Price responsiveness of solar and wind capacity demands

C. K. Woo, K. H. Cao, H. S. Qi, J. Zarnikau, R. Li

Research output: Contribution to journalArticlepeer-review


Accurate estimates of the price responsiveness of residential, commercial, and industrial electricity demands are essential for energy policy modelling, integrated resource planning, and determining a competitive wholesale electricity market's generation levels, prices, and capacity investments. Hence, we estimate the own-price elasticities of solar and wind capacity demands of a load serving entity (LSE) that provides retail electricity service, thereby answering two interrelated research questions: (1) does solar capacity demand far exceed wind capacity demand? and (2) are solar and wind capacity demands price-elastic? Inspired by the theory of input demand under input price uncertainty, our innovative methodology integrates (a) wholesale spot energy price forecasts by time of day; (b) pseudo data found by minimizing a LSE's annual risk-adjusted budget for procuring solar and wind capacities; and (c) econometric analysis of (b) to estimate the extent of substitutability between solar and wind capacities and the own-price elasticities of solar and wind capacity demands. Using Texas as an illustrative example, we find that when solar and wind power purchase agreements have similar energy prices, solar capacity demand is approximately four times wind capacity demand. Further, the own-price elasticity estimates are −5.34 for solar capacity demand and −5.65 for wind capacity demand. As a result, solar and wind capacity demands tend to substantially grow (shrink) in response to declining (rising) solar and wind energy prices. This lends support to proposals to raise solar and wind energy prices for mitigating the adverse effects of large-scale variable renewable energy development on an electric grid's efficient operation and system reliability. However, adopting such proposals also slows the grid's pace of decarbonization, thus underscoring the policy and regulatory challenges in the quest for a clean and sustainable electricity future. Hence, our policy recommendation of price managing solar and wind capacity demands is a topic of policy debate that deserves the attention of an electric grid's stakeholders.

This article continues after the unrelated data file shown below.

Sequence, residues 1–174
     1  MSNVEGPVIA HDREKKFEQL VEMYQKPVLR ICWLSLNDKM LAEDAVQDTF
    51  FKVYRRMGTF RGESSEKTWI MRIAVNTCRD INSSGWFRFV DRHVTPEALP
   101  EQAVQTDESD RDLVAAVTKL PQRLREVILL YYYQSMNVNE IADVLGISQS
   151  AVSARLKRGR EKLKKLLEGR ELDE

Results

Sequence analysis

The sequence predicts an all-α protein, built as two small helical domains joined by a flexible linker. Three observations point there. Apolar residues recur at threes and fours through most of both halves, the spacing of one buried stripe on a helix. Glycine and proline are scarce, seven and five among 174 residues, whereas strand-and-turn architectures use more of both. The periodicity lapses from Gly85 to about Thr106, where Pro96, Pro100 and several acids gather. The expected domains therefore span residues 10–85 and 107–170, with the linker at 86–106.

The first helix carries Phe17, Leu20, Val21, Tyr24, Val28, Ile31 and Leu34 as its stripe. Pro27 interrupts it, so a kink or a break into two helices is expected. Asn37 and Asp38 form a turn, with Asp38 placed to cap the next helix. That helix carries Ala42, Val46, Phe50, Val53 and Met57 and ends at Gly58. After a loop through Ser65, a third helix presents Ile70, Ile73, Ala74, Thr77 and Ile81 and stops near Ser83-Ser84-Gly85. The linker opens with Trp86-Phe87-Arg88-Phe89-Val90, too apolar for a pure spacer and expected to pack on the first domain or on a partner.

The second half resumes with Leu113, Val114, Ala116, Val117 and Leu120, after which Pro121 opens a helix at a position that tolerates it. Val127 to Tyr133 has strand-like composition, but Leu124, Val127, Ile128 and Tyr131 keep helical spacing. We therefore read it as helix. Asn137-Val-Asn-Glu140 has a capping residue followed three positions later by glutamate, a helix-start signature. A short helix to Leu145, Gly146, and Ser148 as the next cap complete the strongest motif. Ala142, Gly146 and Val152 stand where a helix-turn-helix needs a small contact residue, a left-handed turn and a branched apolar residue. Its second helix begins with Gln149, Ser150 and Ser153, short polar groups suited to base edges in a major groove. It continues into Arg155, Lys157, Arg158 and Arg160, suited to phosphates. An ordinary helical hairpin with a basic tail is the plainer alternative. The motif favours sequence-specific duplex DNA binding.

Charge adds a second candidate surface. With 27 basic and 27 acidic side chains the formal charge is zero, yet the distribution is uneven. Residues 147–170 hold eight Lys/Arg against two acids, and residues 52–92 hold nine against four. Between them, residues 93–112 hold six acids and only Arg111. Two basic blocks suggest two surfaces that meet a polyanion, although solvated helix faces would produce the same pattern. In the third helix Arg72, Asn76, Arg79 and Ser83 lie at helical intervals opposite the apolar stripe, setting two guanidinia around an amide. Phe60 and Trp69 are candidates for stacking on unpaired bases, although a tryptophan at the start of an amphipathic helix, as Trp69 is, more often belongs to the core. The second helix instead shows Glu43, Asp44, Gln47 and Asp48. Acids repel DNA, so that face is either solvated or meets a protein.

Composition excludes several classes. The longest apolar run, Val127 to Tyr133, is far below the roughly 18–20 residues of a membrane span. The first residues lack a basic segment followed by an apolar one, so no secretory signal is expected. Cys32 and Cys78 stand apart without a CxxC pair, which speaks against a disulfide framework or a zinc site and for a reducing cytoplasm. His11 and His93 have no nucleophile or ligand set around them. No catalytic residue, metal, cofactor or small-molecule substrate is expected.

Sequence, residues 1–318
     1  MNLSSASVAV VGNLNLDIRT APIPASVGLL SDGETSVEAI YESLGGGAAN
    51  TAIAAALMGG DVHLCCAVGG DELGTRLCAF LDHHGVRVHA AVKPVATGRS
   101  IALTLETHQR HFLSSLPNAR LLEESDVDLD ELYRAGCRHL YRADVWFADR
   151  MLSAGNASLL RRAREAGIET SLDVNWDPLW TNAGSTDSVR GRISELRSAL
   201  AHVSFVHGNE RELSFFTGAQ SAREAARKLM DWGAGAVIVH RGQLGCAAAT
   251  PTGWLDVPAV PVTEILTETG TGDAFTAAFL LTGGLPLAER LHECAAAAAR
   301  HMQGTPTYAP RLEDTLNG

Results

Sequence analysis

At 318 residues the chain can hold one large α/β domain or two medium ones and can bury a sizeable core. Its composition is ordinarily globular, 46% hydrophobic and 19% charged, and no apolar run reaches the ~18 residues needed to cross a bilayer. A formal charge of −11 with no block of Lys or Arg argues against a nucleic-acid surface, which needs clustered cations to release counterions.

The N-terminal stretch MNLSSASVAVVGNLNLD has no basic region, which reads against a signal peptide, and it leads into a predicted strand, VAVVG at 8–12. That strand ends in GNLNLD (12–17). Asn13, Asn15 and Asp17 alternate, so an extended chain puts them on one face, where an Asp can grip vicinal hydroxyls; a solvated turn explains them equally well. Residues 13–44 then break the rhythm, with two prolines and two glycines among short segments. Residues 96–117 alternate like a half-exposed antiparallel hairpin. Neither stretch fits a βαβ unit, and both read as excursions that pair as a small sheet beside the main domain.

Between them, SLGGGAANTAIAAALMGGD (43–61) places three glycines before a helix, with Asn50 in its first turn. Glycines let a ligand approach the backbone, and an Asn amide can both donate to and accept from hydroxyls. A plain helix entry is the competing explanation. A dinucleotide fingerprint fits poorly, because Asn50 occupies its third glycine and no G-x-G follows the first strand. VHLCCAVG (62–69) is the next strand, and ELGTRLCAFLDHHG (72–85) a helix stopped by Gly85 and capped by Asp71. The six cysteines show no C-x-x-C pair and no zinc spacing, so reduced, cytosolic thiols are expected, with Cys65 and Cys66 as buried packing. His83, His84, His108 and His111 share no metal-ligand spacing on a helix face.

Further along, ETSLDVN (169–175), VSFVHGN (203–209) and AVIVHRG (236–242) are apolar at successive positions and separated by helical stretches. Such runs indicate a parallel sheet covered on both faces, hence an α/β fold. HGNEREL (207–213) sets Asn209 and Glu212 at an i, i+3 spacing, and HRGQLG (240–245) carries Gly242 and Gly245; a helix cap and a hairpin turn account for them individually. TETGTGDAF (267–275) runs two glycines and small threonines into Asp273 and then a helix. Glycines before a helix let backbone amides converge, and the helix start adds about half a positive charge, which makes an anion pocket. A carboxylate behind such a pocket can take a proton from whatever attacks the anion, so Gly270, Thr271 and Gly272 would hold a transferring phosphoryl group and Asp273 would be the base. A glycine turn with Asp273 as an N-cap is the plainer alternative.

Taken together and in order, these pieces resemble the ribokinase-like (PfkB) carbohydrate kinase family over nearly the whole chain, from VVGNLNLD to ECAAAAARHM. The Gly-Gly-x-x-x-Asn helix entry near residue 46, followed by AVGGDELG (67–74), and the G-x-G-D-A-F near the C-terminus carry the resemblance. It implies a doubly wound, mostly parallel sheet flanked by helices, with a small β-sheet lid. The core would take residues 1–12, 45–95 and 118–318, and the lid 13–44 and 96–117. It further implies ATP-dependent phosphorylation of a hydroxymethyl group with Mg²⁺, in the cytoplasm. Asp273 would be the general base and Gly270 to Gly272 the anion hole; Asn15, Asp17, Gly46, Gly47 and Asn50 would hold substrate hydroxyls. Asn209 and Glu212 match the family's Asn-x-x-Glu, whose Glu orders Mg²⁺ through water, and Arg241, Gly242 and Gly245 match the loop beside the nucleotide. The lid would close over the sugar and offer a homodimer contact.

Original languageEnglish
Article number142705
Pages (from-to)1-15
Number of pages15
JournalJournal of Cleaner Production
Publication statusE-pub ahead of print - May 2024


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